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Exclusive: Turkey Intercepts Iranian Arms Delivery Destined For Hezbollah

"Süddeutsche Zeitung" sources reveal an operation last spring where Turkey intercepted an Iranian arms delivery, in bald violation of UN sanctions. The weapons were thought to be headed for Syrian-based members of the Lebanon Shiite grou

Near the Iran-Turkey border
Near the Iran-Turkey border
Paul-Anton Krüger

Through Western diplomatic sources, the Süddeutsche Zeitung has learned that Turkey has again intercepted an illegal shipment of weapons from Iran.The shipment was heading for Syria, and the intended final recipient was thought to be the Hezbollah militia in Lebanon which has ties with Teheran. The radical Shiite organization also has depots in Syria.

According to our sources, on April 30, Turkish authorities intercepted at least one truckload at the Kilis border. The truck contained either a large quantity of weapons or spare parts, which continue to be held by the Turks. When called, local authorities and government authorities in Ankara declined to give any information about the matter.

The United Nations Security Council has imposed sanctions on Iran because of its controversial nuclear program; and export of arms is expressly forbidden by those sanctions. All UN member states are obliged to report to the Council violations that come to their attention.

In mid-March, within the framework of the UN resolutions, Turkish authorities searched a Yas Air freight plane in Diyarbakir, in southeastern Turkey. The plane was on its way from Iran to Syria. On board were Kalashnikovs with ammunition, machine guns, and mortar shells disguised as auto replacement parts. The information was published in a report by a group of experts appointed by the UN to monitor and enforce the sanctions.

In June, the document became available to the relevant Security Council committee. Word of the second interception of weapons by Turkish authorities was not yet included in the report, but the word was out in UN circles that another shipment had been stopped by Turkey. An investigation by UN experts is expected. It is unclear whether Turkey had already officially reported the second interception to the Security Council or not.

In mid-April, the Turkish media, including the semi-official news agency Anadolu, reported on alleged arms shipments to Syria from Iran which had been trucked along more than one route including the border crossing at Bab al-Hawa near the southern city of Reyhanli. Western diplomatic sources also say that several trucks with suspicious cargoes and similar false freight documents as the ones seized in Kilis were able to make it across the border into Syria from Turkey in April. This opens up assumptions that Turkish authorities were tipped off about the suspicious shipments by foreign secret service sources.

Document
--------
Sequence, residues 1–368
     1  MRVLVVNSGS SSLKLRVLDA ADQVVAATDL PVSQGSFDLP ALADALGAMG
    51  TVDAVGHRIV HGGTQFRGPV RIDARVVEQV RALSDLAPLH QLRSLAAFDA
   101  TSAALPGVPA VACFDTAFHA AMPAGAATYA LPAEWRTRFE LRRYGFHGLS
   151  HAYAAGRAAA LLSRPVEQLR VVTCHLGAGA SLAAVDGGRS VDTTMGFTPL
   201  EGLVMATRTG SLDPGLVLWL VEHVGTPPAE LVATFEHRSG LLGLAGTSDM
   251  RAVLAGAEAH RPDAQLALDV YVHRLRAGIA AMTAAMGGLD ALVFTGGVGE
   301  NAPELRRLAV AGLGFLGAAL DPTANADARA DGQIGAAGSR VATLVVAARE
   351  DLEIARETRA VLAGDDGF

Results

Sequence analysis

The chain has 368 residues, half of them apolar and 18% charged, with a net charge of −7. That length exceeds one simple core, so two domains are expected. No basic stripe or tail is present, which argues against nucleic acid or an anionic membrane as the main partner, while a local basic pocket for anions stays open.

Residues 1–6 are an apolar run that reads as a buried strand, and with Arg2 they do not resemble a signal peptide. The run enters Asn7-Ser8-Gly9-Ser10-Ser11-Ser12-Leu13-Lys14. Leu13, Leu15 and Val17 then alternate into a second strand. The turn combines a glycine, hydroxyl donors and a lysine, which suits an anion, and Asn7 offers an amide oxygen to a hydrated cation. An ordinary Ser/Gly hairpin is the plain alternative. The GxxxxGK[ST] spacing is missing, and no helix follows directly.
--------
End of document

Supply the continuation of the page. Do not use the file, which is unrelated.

One diplomat said that the reason for the apparently heightened surveillance at Turkish border crossings was that the government in Ankara wanted to send a signal to both Syria and Iran that it would no longer accept the violent suppression of the opposition in Syria. In addition, the Turkish government wanted to make it clear to Iran that Turkey would be putting an end to any weapons smuggling via their territory and was no longer prepared to tolerate the operations of Iranian agents and intermediaries in Turkey. The diplomat was prepared to pass on the sensitive information only on condition of anonymity.

The UN report shows that Iran has systematically tried to circumvent the sanctions. Shipments of arms, ammunition and explosives, mixed in with shipments of legal goods and falsely declared, are regularly seized. Western intelligence sources say that after Turkey had foiled the Yas Air transport, leaders in Iran gave the revolutionary guard orders to find new routes for the smuggling. Among the possibilities for alternative routes were using rail, air freight aboard planes from other countries like Venezuela, and the land route leading through Iraq.

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Life On "Mars": With The Teams Simulating Space Missions Under A Dome

A niche research community plays out what existence might be like on, or en route to, another planet.

Photo of a person in a space suit walking toward the ​Mars Desert Research Station near Hanksville, Utah

At the Mars Desert Research Station near Hanksville, Utah

Sarah Scoles

In November 2022, Tara Sweeney’s plane landed on Thwaites Glacier, a 74,000-square-mile mass of frozen water in West Antarctica. She arrived with an international research team to study the glacier’s geology and ice fabric, and how its ice melt might contribute to sea level rise. But while near Earth’s southernmost point, Sweeney kept thinking about the moon.

“It felt every bit of what I think it will feel like being a space explorer,” said Sweeney, a former Air Force officer who’s now working on a doctorate in lunar geology at the University of Texas at El Paso. “You have all of these resources, and you get to be the one to go out and do the exploring and do the science. And that was really spectacular.”

That similarity is why space scientists study the physiology and psychology of people living in Antarctic and other remote outposts: For around 25 years, people have played out what existence might be like on, or en route to, another world. Polar explorers are, in a way, analogous to astronauts who land on alien planets. And while Sweeney wasn’t technically on an “analog astronaut” mission — her primary objective being the geological exploration of Earth — her days played out much the same as a space explorer’s might.

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